The company at the heart of national energy crisis, Santos, is taking the piss. Via Credit Suisse:
Solid quarter operationally Santos delivered a solid operational performance in 1Q17, with production of 14.8mmboe and sales of 18.6mmboe. Net debt was down US$380m, to US$3.1bn, although heavily helped by asset sales and the SPP. All guidance for FY17 was left unchanged. CY17 ~16% EPS changes reflect mostly oil price MarQ mark-to-market and minor production tweaks.
Still break-evening our hearts The number that will get the bulls excited, and without quantification trouble us, is that FY17 FCF breakeven has been guided to US$34/bbl. Genuine cost savings, being driven by sustainable opex/boe reductions, corporate cost reductions and lower F&D costs would all be positive. Failure to spend F or D costs, kicking maintenance down the road, drawing on storage and running assets into the ground is not a sustainable business. We remain concerned that remuneration targets risks incentivising this behaviour though. If one believed GLNG implicit F&D costs, that the Cooper is FCF positive sustainably at current prices and other opportunities existed then we would far rather a Santos that breaks even at US$60/bbl if US$26/bbl of that is going to value accretive options.
Roma still a mystery to us We note with interest the comments that Roma gas production is “ahead of expectations”. It is producing at 36TJ/d (up 22% vs 4Q16), but this from 322 connected wells. So we are averaging ~0.11TJ/d. From when we used to get disclosure on wells, 2 years ago to the day the investor presentation highlighted that 120 wells were connected. How long exactly are these wells dewatering for and if it takes this long (with only 7 Roma wells drilled in 1Q17) why on earth is an extra 140TJ/d of compression currently being built to take it up to ~290TJ/d? RUGS will eventually run dry, leaving plenty of idle existing capacity to grow into.
Risks relatively fairly balanced at present We continue to hope the focus for Santos shifts back to trying to deliver value accretive growth, rather than running a business that is repentant for the past. We already model for GLNG capex to be 2x guidance from 2020 onwards so capture some conservatism in our numbers. To this extent we feel relatively ambivalent to the stock at the current share price. Plenty could make us more cautious, a few brave decisions could make us more positive.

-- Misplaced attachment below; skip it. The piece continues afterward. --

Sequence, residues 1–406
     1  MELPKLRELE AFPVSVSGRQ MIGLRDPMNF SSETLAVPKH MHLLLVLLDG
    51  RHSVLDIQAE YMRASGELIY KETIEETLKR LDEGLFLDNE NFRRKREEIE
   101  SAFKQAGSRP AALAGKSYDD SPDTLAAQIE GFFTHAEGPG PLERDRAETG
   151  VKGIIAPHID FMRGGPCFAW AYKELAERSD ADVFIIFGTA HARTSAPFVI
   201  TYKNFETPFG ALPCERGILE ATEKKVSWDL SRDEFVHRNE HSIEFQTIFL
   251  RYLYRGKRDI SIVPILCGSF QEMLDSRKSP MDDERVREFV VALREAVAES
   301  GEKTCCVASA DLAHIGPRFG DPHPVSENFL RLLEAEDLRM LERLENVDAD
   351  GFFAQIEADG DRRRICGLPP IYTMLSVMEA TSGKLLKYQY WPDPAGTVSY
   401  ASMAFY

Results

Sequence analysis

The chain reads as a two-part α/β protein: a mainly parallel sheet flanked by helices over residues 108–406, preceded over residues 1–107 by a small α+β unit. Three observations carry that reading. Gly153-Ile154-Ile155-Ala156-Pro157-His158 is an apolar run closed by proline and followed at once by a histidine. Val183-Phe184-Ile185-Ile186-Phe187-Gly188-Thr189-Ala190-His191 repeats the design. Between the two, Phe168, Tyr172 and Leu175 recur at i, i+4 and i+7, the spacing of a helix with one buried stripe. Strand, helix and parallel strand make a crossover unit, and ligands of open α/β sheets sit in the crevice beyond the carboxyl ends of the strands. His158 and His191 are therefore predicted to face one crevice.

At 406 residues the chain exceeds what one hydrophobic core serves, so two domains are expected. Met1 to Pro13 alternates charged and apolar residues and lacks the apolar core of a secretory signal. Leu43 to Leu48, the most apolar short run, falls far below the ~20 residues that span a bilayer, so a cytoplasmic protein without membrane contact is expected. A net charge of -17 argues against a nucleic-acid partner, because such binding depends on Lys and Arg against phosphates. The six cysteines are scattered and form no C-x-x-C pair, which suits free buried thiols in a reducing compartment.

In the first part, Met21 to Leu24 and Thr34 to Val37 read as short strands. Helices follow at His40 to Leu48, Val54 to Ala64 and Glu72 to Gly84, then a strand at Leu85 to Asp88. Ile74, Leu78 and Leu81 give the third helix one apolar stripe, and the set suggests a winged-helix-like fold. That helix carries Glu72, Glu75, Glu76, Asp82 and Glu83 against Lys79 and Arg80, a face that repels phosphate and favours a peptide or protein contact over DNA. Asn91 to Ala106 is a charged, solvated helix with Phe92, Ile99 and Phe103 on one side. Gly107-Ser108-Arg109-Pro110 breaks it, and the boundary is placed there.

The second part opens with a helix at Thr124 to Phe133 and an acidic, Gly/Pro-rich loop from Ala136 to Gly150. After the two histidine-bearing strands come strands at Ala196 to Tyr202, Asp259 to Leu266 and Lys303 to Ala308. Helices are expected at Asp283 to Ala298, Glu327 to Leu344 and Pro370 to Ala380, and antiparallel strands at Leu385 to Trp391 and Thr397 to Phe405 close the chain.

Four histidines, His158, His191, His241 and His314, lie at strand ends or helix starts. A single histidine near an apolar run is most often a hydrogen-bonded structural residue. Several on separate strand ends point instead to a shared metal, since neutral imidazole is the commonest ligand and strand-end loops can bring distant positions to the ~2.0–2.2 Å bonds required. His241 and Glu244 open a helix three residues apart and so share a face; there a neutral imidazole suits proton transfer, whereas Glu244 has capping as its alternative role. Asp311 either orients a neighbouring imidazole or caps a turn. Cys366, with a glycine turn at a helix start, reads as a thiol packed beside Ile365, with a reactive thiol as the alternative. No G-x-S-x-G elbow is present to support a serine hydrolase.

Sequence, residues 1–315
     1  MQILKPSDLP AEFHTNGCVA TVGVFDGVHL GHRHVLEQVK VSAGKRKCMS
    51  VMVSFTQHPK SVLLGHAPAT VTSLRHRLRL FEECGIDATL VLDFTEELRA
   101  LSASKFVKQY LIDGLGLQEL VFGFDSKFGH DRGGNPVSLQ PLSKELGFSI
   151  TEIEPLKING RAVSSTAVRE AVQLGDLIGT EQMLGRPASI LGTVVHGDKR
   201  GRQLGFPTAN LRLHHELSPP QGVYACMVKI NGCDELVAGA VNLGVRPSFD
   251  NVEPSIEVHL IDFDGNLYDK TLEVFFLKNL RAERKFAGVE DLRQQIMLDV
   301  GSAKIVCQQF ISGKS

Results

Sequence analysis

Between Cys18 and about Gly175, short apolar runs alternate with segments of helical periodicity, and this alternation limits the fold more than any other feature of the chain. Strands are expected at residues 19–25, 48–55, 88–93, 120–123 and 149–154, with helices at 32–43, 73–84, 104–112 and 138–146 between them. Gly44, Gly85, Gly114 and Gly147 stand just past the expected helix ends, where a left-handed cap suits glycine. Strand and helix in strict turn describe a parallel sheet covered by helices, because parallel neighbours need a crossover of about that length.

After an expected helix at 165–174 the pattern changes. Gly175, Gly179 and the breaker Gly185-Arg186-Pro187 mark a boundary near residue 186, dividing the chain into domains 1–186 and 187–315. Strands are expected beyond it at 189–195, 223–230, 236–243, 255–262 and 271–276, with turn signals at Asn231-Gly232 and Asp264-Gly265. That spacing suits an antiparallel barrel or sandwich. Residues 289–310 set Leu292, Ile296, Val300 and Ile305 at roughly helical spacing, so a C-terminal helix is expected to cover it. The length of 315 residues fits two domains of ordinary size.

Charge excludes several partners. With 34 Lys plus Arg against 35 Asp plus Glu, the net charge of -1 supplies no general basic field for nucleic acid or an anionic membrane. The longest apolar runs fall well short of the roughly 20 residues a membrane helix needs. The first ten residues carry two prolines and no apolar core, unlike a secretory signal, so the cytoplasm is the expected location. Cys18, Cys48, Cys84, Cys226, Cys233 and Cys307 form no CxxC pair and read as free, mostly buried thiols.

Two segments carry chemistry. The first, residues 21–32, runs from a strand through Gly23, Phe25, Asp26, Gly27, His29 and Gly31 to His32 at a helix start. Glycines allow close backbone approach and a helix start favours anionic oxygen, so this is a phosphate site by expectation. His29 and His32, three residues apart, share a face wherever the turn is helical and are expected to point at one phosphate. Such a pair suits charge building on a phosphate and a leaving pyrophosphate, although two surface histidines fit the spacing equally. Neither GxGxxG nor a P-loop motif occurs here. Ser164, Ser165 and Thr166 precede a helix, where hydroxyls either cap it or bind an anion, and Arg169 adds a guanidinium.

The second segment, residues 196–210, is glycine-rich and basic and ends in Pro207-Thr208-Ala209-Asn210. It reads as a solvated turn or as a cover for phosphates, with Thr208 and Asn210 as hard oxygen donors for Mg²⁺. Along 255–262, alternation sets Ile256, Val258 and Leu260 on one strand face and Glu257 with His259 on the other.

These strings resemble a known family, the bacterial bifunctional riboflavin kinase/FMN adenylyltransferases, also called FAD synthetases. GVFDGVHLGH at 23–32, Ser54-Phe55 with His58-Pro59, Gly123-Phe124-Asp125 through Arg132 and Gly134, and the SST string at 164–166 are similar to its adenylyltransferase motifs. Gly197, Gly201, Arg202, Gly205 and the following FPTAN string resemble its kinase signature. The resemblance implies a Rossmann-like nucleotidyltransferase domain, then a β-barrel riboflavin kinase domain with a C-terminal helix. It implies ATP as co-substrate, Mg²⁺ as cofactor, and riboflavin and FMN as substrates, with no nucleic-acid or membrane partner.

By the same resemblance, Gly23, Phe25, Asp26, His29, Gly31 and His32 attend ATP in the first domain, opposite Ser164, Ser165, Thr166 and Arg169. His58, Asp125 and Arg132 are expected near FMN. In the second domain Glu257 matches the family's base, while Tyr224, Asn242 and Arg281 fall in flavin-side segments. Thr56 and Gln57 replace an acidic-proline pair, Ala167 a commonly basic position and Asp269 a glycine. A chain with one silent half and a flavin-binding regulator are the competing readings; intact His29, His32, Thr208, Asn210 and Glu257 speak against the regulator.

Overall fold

And recall this:
The Santos-led Gladstone LNG export plant is buying more than half its gas from third parties, rather than producing from its own coal seam gas fields, despite lifting its own production in the March quarter, Santos has revealed.
In its first quarter report, Santos said GLNG, in which Santos has a 30 per cent stake, produced only 43 per cent of the 1.4 million tonnes of LNG exported from Gladstone during the quarter from its own fields.
But, thanks to a boost in production from GLNG’s Queensland coal seam gas fields, this is more than in the December quarter, when GLNG provided just 38 per cent of its own gas.
It is the first time Santos has clearly broken out third-party gas volumes for GLNG, whose market purchases for export are in the spotlight as east coast gas markets tighten and prices rise.
In short, management is arbitraging the longer term future of both the firm and the nation as it pursues remuneration benefits by buying third party gas as it runs down its own assets. It’s not even economically sustainable as it triggers demand destruction over the long run, robbing the business of its customers.
And as these resources pirates strip cash out of every east coast household and business pocket we do nothing.